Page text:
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More Deaths Linked to Recalled Asthma Inhalers

When Schering-Plough recalled 59 million asthma inhalers last year, saying some may actually be missing the active drug, there was no public evidence that anyone had been hurt.

But the advocacy group Public Citizen says it's now uncovered a pattern of deaths--17 of them.

"Before these defective products got on the market, there weren't any deaths, and after they were cleared off the market, there weren't any deaths," says Dr. Sidney Wolfe of Public Citizen.

The deaths are linked to Schering-Plough albuterol inhalers--sold under the names Proventil and Warrick.

According to the Food and Drug Administration (FDA), adverse events reports of victims include: a 16-year-old boy, a 10-year-old boy, and a 21-year-old man who complained shortly before his death that his "inhaler did not seem to treat his asthma attacks as usual."

Despite that, Schering-Plough today said it has no evidence of any injuries or deaths and that every inhaler returned by a patient claiming injury was "tested and found to contain active ingredients."

Public Citizen's Dr. Sidney Wolfe wants a criminal investigation. He says Schering-Plough knowingly put defective products on the market and dragged its feet on a recall even though it knew of one death early on.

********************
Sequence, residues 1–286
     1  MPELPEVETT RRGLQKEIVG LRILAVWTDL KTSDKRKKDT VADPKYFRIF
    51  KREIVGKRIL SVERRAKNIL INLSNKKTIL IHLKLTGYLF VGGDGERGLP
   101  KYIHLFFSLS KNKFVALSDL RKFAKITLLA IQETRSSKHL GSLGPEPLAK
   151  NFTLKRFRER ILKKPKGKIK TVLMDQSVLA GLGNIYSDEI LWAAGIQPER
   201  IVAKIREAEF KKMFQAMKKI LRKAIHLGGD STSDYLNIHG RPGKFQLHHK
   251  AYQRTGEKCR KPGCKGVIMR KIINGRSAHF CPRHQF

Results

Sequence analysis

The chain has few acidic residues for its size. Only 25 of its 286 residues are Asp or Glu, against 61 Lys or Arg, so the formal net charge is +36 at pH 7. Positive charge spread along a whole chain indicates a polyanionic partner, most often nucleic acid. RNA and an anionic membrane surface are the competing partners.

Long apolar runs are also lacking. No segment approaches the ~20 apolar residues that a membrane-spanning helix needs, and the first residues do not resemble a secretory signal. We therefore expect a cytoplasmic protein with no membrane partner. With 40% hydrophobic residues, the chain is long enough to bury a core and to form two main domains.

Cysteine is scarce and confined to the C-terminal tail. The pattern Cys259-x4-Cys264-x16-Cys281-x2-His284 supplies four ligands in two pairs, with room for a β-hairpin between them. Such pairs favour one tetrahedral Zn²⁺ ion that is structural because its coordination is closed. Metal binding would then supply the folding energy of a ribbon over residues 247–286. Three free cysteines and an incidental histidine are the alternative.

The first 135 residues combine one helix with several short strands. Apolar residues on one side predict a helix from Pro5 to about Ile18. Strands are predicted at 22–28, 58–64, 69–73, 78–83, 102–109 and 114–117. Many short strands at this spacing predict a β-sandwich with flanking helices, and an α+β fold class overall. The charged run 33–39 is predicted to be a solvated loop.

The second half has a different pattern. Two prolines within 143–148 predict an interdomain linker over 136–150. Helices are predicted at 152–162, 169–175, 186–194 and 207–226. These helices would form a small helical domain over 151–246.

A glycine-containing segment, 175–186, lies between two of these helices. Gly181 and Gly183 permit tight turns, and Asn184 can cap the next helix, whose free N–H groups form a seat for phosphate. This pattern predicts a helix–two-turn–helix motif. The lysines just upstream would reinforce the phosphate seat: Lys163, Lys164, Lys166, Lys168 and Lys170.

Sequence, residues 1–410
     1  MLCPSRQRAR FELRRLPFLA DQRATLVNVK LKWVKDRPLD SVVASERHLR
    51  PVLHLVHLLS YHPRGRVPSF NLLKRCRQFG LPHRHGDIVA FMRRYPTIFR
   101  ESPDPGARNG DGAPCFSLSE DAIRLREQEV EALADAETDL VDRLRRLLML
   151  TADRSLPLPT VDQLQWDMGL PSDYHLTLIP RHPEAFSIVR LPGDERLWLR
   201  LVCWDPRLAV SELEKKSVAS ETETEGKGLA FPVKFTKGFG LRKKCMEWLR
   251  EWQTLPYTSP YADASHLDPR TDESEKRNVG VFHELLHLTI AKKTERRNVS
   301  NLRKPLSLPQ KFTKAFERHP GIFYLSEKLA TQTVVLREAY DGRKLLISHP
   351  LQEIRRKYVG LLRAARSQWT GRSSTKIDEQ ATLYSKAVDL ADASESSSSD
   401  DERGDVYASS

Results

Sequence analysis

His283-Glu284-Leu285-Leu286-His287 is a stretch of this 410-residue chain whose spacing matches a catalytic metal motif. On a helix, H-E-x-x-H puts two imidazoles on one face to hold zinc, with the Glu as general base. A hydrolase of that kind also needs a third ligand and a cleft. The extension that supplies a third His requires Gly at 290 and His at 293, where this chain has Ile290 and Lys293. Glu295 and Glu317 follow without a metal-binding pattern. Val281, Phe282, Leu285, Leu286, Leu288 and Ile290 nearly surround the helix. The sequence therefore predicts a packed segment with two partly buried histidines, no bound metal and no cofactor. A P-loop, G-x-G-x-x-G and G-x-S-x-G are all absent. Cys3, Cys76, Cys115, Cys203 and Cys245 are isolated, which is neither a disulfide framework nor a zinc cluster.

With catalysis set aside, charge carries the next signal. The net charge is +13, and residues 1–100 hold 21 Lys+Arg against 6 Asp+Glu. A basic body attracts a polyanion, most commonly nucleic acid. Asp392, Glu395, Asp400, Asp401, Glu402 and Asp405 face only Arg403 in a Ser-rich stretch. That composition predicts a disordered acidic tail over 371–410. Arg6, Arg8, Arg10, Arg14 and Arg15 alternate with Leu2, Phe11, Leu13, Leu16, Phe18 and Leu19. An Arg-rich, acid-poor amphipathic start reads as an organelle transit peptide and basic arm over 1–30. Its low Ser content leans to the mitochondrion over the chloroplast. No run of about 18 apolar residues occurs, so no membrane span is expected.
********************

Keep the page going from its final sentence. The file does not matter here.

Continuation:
"The company is really lying in trying to get out the idea that they never have had any problems with their products," says Wolfe.

As CBS News reported earlier this year, the FDA repeatedly cited the Schering-Plough factory in New Jersey for dozens of serious violations involving Proventil and a dozen other drugs including the popular allergy drug Claritin. A company internal audit of the plant revealed:

  • Production was emphasized over quality.
  • Sewage and feces "had a pathway" into Proventil.
  • There was no system for measuring how much--if any--medicine was going into the inhalers.

The defective inhalers have all been recalled, but Schering-Plough can't get approval to produce its new version of Claritin, called "Clarinex," because the plant still doesn't meet standards. The FDA is letting the plant continue making inhalers and all the other drugs while it tries to fix its problems.

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